U of C Fashion show highlights sustainability

The UCalgary Fashion Network hosted a crew of formidable leaders in the field of sustainable fashion on Friday, Jan. 26 at their Let’s Talk Fashion event.

The event was open to the public, allowing attendees to rub shoulders with Erin Bird, with FairTrade Calgary; Blake Ward, owner of Seed, a hand-made hemp clothing company in Calgary; and Stephanie Jackman, founder and president of REAP a not-for-profit association for locally owned businesses that care about the community and the environment.

The event explored how the current culture of diversity and localization of businesses, along with people still stuck with old stereotypes around the ethical and sustainable fashion movement.

“Even in this day and age when there are so many beautiful, wonderful options, there still is this misconception that it isn’t going to be high fashion or high quality,” said Jackman.

“People still have this out-dated notion that it’s going to be beige and ill-fitting.”

Bird challenged the notion that sustainable fashion is something hard and obscure mentioning that there are so many options for recycling fabrics, reusing fabrics, and knowing where the fabrics come from.

“A lot of people don’t realize how much our culture has really bought into the fast fashion world,” said Bird.

Erin Bird brings fair trade fashion to Calgary: Erin Bird runs Fairtrade Calgary and is getting ready to launch a Fairtrade fashion show with Calgary designers that will be hosted in Vancouver. (Photo by Meaghan Fitzpatrick/The Press)

Sustainable fashion is still thought of as an expensive option reserved for those of a certain ethnicity and economical background, i.e., white and rich.

In recent years, this trend of ethical and sustainable fashion has started to diversify and become more inclusive as awareness and access to arguably better options increases.

Jackman said the average person wears only 30 pieces in their closet and suggested a change in our thinking to a cost per wear, rather than the amount and variety of items we own.

“If you really focus on buying high-quality garments and fewer of them, that’s a great way to reduce the cost,” said Jackman.

“Consignment is another a great way to go.”

Jackman said that even on a budget, one can reduce the amount of clothing being wasted while being able to express oneself in a way that reflects their values.

“You can feel confident and comfortable without really breaking the bank.”

Blake Ward relocalizes fashion Black Ward, owner of Seed, a hemp clothing company in Calgary is bringing a new Crop to Top initiative to Alberta. (Photo by Meaghan Fitzpatrick/The Press)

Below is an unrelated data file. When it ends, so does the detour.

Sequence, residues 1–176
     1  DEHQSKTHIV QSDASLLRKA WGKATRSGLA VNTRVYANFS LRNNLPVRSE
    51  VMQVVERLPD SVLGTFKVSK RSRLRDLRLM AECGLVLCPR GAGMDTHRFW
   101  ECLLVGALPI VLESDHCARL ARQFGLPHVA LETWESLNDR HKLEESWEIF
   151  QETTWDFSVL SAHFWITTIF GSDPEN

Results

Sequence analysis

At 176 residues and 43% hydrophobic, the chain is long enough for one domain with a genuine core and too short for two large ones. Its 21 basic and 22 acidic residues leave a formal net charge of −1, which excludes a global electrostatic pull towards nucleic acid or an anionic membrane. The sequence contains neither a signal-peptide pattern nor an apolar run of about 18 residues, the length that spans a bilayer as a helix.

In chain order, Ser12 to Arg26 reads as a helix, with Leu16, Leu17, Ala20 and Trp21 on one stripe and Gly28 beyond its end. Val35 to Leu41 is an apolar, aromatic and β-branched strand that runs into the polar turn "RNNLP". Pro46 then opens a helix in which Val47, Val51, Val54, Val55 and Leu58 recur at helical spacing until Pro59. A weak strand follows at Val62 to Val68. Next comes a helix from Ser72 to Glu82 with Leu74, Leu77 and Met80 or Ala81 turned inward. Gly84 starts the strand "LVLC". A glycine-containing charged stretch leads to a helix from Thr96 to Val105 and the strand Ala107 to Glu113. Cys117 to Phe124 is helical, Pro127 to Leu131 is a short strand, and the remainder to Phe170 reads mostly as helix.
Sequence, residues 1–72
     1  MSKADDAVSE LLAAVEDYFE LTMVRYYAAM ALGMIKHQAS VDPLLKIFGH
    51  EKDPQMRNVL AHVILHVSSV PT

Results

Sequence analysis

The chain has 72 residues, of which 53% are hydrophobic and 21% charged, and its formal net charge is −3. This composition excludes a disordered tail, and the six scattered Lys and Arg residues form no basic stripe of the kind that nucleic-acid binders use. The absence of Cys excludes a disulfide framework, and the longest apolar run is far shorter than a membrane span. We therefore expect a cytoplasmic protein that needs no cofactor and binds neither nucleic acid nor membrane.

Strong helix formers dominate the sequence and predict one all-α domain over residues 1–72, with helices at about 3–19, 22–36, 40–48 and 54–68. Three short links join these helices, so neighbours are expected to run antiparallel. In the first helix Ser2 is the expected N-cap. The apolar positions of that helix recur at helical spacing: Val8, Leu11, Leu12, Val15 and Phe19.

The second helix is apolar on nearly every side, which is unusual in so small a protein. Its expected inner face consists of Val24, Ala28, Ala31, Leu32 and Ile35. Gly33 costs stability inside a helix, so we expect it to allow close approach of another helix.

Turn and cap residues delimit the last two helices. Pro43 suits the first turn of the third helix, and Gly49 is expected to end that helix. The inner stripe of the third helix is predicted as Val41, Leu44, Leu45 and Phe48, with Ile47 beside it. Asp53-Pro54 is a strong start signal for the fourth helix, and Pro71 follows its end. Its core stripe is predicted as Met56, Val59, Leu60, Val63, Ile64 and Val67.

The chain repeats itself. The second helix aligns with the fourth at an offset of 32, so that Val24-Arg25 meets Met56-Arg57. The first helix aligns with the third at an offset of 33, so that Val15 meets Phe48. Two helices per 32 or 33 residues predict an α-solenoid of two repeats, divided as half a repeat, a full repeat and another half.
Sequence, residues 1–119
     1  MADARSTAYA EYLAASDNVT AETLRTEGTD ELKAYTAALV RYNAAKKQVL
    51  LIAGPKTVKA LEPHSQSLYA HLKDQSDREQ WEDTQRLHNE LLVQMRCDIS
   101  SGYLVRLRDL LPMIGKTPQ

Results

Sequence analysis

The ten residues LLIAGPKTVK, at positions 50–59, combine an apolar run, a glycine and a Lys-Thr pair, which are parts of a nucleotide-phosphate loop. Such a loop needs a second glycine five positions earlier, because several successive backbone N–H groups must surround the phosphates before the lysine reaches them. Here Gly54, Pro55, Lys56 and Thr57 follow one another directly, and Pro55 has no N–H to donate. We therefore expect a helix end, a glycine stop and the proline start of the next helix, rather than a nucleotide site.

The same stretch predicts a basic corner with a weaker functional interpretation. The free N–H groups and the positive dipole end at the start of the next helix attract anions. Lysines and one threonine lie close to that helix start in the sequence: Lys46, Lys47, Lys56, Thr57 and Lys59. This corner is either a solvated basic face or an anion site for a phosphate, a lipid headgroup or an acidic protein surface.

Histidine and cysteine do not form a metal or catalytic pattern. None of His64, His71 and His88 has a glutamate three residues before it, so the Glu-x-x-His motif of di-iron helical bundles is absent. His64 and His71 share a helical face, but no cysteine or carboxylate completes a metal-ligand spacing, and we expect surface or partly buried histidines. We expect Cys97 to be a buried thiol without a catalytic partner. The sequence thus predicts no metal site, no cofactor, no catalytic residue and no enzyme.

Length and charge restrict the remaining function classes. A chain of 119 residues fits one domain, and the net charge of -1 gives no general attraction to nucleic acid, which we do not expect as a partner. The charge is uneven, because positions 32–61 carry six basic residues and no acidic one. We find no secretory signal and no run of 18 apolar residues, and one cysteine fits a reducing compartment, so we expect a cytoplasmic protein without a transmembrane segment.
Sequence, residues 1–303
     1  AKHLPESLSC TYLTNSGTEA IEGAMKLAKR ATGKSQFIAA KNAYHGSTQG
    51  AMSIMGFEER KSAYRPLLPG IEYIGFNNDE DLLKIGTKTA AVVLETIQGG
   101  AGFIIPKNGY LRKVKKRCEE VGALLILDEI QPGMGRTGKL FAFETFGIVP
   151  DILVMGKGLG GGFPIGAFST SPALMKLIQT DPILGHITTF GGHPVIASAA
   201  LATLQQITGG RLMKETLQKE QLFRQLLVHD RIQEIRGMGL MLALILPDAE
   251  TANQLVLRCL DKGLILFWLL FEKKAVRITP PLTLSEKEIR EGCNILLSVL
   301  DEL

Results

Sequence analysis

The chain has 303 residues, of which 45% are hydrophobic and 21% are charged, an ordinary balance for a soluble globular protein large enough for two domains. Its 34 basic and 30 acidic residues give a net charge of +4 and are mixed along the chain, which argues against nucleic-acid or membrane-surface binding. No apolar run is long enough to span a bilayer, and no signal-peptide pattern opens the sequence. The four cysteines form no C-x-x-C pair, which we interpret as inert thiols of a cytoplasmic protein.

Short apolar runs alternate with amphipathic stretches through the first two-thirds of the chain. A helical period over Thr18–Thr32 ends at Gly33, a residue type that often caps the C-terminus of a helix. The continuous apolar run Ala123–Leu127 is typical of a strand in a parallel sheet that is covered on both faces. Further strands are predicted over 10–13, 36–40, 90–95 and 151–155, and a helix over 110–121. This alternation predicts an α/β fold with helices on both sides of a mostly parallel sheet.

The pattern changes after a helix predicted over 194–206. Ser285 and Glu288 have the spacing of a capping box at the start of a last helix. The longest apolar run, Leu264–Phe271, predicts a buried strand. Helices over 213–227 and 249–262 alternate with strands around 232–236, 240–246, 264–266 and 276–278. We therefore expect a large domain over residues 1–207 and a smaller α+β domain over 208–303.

Ward wanted to challenge those that claim his clothing is too expensive, arguing that although his pants cost close to $160 the fact that they will last a lot longer than a cheap pair of jeans means they are, in fact, more cost-efficient.

“If you are actually concerned about your money you should be buying our clothing because it lasts longer and saves you money over time,” said Ward.

The future for sustainable fashion is a bright one as more people become aware of the environmental and human impacts their purchasing power has, largely due to the documentary available on Netflix, called The True Cost.

“One of things that we’re really challenged with, in sustainable fashion, is the crazy long supply chain. We need to be able to meet our basic needs at home,” said Jackman.

The issue with long supply chains is they make it hard to monitor ethical and sustainable practices.

Ward is tackling this problem with his new project called Crop to Top, which involves localizing the whole process of garment production. He will be growing, milling and sewing close to home.

While fast fashion and chain stores are abundant and their marketing is woven throughout the fabric of our society, sustainable fashion is fighting back, challenging individuals to think about where their clothing is from and offering alternatives.

“We need sustainable fashion to be as convenient and as prolific as the mainstream is now,” said Jackman.

Bird suggested a few questions to ask when trying to figure out whether or not your clothing is sustainable.

“Who produced this? How did they produce it? Were those people treated fairly? Were they using pesticides or more natural processes? Where was it grown? How was it brought here to Canada?

“If your clothing costs $5 it’s very likely someone was exploited in the process,” said Bird.

Previous post

Recipe: Homemade dog biscuits, Make your own dog treats just in time for “The Year of the Dog”

Next post

A tale of tarnished gold